At first glance, it can often seem that our healthcare system is broken. Countless companies and thought leaders talk about overhauling the entire system. Costs are rising, interoperability is lacking, and quality needs to be improved across the board.
Many people fear being a patient in a hospital. In reality, what happens when the patient leaves is often more confusing, disjointed, and even dangerous.
Across America, healthcare is retreating from rural communities. Rural hospitals are closing at alarming rates, and nearly two-thirds of the Primary Care Health Professional Shortage Areas deemed by the Health Resources and Services Administration (HRSA) are in rural communities.
At 58 years old, Ms. G had diabetes and high blood pressure. She was also overweight and battled depression. After a regular visit with her primary care physician (PCP), Ms. G was referred to a mental health center for heightened depression and was later sent home. That’s where her journey began.
At 8:24 a.m. on Thursday, June 22nd 2017, the average emergency department wait time at Massachusetts General Hospital in Boston, Massachusetts was nine minutes. We know that not because we visited the ED that day, but because we visited their Yelp listing.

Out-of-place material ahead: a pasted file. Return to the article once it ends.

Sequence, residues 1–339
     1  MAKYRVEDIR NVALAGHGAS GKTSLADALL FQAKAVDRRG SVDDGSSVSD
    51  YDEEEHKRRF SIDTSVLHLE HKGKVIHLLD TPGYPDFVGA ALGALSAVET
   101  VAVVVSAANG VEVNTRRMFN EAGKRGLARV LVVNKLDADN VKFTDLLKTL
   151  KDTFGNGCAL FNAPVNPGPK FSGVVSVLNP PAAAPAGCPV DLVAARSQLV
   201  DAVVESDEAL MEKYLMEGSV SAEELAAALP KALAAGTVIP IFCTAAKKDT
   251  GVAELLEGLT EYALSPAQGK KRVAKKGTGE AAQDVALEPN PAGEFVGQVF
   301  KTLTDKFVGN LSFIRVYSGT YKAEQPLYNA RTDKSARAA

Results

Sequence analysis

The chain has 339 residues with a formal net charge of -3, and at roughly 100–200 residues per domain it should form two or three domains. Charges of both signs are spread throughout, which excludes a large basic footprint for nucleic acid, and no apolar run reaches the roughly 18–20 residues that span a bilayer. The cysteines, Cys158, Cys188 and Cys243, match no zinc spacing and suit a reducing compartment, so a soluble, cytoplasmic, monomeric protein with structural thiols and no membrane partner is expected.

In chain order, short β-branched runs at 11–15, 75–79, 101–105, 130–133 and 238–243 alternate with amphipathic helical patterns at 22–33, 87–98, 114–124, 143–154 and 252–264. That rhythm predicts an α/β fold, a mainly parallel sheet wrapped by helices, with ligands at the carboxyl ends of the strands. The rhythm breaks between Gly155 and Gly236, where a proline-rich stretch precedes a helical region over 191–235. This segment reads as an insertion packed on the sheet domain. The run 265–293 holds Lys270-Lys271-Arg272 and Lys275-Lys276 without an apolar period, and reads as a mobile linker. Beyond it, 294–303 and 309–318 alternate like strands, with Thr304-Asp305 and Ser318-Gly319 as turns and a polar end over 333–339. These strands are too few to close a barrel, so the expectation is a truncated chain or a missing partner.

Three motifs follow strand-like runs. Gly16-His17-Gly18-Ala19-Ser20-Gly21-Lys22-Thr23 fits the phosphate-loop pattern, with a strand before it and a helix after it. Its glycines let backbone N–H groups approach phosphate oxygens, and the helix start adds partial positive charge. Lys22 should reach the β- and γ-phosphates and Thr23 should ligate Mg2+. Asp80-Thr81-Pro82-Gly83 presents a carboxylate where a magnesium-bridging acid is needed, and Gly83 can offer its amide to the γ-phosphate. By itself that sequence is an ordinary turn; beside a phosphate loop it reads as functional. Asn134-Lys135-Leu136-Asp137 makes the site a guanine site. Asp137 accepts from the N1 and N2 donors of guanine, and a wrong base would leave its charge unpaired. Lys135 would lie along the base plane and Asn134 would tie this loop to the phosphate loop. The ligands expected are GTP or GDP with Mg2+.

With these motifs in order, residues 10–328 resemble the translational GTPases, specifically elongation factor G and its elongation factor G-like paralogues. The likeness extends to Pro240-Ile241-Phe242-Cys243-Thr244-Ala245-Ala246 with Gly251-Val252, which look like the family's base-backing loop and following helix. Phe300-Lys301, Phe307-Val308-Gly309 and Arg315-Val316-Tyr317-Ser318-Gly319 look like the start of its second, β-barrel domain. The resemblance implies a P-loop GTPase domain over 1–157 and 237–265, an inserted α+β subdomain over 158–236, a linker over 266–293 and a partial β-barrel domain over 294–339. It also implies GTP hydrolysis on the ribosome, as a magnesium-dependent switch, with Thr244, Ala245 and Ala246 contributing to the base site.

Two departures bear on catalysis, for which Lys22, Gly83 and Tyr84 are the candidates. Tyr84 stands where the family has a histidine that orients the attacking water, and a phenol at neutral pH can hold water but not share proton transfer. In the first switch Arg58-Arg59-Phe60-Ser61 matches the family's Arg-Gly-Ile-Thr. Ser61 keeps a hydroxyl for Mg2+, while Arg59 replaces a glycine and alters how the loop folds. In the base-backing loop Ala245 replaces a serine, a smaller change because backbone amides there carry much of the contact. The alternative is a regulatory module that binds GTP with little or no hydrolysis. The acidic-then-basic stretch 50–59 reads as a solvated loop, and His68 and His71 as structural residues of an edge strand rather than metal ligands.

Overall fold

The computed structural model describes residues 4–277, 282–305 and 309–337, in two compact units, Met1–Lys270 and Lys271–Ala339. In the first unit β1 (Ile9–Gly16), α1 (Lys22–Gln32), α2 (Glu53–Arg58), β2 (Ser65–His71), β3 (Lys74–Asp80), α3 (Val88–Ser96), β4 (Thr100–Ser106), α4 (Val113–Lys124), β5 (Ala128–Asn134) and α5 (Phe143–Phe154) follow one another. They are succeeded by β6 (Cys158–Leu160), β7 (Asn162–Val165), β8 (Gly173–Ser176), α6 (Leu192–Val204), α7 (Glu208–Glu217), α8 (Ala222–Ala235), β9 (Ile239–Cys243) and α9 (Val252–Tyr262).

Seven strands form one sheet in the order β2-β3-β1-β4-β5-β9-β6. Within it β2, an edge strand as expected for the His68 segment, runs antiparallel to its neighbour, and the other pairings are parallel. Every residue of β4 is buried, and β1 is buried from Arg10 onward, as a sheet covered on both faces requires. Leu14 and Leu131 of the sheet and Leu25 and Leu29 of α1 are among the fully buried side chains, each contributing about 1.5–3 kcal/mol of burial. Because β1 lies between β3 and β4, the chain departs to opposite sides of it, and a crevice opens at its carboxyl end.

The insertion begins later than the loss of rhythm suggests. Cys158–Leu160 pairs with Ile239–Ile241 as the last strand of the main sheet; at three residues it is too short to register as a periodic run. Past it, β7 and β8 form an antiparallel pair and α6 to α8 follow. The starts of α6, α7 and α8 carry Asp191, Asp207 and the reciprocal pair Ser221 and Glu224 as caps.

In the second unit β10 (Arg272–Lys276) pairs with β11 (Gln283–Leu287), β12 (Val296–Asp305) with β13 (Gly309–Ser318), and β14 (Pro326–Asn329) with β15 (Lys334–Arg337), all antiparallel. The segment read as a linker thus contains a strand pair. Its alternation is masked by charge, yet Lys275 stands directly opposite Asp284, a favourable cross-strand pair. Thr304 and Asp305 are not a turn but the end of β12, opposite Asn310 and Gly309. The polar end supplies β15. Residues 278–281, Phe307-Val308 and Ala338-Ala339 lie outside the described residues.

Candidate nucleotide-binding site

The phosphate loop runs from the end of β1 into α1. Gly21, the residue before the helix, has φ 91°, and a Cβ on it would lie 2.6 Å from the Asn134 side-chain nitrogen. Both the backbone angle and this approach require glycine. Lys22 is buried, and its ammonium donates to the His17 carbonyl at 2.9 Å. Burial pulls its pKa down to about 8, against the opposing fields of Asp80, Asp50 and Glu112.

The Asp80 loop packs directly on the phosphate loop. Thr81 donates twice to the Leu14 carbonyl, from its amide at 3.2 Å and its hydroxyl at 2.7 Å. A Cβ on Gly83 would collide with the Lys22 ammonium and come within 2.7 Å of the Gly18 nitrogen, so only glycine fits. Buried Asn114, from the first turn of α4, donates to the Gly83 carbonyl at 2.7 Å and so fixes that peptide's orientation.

Americans can’t live without their phones, and healthcare professionals are not immune either.
On average, we spend five hours each day on mobile technology, and 77% of Americans own smartphones. In a 2012 study of healthcare professionals, 87% of doctors reported using smartphones or tablets on the job, and recent small-sample reports indicate that the number is rising.
Since the GOP began talks of a new healthcare bill during the 2016 campaign, there has been much debate about what the future of healthcare might look like. On May 4, a glimpse was provided: the Republicans introduced the American Health Care Act (AHCA), a bill that would eliminate many of the provisions the Affordable Care Act (ACA) afforded.
Imagine that your knee has been bothering you. You visit your primary care physician who then refers you to a specialist. The specialist decides you need surgery. After surgery, you are discharged home or to a skilled nursing facility. Through each step of the care episode, you move from one provider to the next, but no one is truly coordinating your care during the transitions and no one is ensuring an optimal outcome.
Each year, clinicians make 13 million post-acute referrals for Medicare patients.
With healthcare providers facing increased pressure to both lower costs and improve quality, post-acute care after hospitalization is a logical choice—it provides a safe, personalized environment in which patients can be cared for and healed by professionals. For many patients and families, however, the choice is not so obvious.